Sometimes you’ll hear me say, as though it didn’t need explaining, “Ronald Reagan was Satan’s agent on Earth.” I forget sometimes that this is news from Neptune for a lot of people — sometimes because they are younger, sometimes because they simply haven’t heard. This post is about just one of the reasons that I have a deep loathing for Ronald Reagan: because his administration perpetrated grave injustice and injury on the mentally ill, because wounds inflicted by his hands have bled from then until the present day (causing tremendous amounts of preventable death and misery), and because those policies are stealing from and endangering me and those I care about.
Almost immediately after Reagan’s inauguration in 1981, ferocious cuts began:
Within a month, the Office of Management and Budget announced it would curtail the budget of the National Institute of Mental Health (NIMH), phase out training of clinicians, interrupt research, and eliminate services. Cutbacks to staff followed; chaos ensued. Experienced people left, others remained in government service but were forced into menial jobs. Trained professionals were reassigned to labs to dissect dead rats; science writers were reassigned to typing pools. The Mental Health Systems Act would be disappear. Instead, the Omnibus Budget Reconciliation Act (1982) would merge money for mental health programs into block grants, and with fewer dollars going to the states.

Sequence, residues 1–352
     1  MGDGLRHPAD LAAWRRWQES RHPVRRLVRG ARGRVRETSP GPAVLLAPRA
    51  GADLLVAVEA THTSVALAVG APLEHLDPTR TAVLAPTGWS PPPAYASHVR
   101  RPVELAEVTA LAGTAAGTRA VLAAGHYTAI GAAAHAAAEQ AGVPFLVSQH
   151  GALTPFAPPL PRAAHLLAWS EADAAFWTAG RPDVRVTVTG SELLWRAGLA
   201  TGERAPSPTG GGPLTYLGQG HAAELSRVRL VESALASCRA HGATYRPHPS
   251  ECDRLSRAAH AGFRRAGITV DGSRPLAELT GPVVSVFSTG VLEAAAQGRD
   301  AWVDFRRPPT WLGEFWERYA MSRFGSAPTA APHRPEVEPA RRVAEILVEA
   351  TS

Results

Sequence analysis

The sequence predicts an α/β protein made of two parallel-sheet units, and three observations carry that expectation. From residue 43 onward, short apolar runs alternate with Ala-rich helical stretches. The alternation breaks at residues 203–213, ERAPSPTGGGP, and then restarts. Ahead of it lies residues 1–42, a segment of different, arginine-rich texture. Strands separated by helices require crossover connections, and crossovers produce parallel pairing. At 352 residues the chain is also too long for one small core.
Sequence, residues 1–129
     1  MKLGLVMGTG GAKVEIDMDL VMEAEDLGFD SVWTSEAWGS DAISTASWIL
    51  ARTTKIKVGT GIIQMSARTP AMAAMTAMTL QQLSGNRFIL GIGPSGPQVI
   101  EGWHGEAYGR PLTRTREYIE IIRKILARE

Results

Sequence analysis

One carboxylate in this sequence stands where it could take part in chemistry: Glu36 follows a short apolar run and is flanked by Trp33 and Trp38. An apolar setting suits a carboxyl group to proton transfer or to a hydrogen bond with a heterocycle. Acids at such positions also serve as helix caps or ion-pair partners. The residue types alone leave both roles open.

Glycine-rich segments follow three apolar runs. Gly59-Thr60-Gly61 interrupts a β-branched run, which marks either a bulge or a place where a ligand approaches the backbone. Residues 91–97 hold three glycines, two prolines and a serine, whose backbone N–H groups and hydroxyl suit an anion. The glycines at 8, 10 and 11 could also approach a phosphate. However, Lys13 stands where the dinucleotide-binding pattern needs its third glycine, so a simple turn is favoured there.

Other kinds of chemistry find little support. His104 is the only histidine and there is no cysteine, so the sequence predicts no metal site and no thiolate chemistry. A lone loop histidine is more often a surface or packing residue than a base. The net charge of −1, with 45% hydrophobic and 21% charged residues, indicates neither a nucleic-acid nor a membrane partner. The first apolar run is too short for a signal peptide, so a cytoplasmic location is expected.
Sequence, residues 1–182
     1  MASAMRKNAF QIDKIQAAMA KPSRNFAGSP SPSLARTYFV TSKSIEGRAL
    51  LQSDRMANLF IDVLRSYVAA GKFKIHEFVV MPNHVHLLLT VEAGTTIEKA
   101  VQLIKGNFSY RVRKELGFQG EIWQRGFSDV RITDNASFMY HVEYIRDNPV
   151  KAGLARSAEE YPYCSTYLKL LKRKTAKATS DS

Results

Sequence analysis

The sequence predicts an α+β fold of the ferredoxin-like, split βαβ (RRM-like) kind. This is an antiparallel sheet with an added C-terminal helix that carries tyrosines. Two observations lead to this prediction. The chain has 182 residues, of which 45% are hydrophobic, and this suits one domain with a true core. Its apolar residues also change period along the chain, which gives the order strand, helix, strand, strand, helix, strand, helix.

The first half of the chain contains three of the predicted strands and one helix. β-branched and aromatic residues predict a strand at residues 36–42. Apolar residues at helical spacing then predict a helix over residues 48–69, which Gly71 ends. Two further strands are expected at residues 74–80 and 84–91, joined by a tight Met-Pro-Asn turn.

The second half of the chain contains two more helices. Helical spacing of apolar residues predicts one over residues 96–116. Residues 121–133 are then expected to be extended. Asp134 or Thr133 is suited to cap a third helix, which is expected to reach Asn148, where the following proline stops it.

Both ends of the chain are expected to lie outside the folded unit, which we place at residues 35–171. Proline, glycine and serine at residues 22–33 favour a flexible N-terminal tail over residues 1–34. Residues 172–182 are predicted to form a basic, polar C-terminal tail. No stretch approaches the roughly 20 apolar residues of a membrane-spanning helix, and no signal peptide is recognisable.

“Block grants” are a political instrument with a nasty legacy in the United States, and it’s worth taking a minute to explain how they work. In practice, they are a way to cut funding for things that the federal government disapproves of, but with a layer of deniability over it such that no one in Washington must admit to, for example, having cut funds for reproductive health, for relieving poverty, or for pushing back against racism. They have the grim distinction of being used for despicable ends in the hands of both Republicans and Democrats.
The mechanic goes like this: a great deal of the money that the US Federal government sends to the states, comes with instructions. So many dollars here for highways, bridges, and tunnels, so many dollars there for prisons, police, and courts. The funds are sometimes very specific and pedantic, especially when it comes to money for helping to make the lives of marginalized populations somewhat better. Such programs have a long history of having their funds stolen in one way or another, so the pedantic directions were a form of defense against misappropriation. Block grants come in the form of simplification: instead of so many little grants, their advocates say, we’re going to have the federal government make a bigger grant with few rules, and the state, being closer to the problem, will be able to spend that money more efficiently than a patchwork of potentially overlapping grants.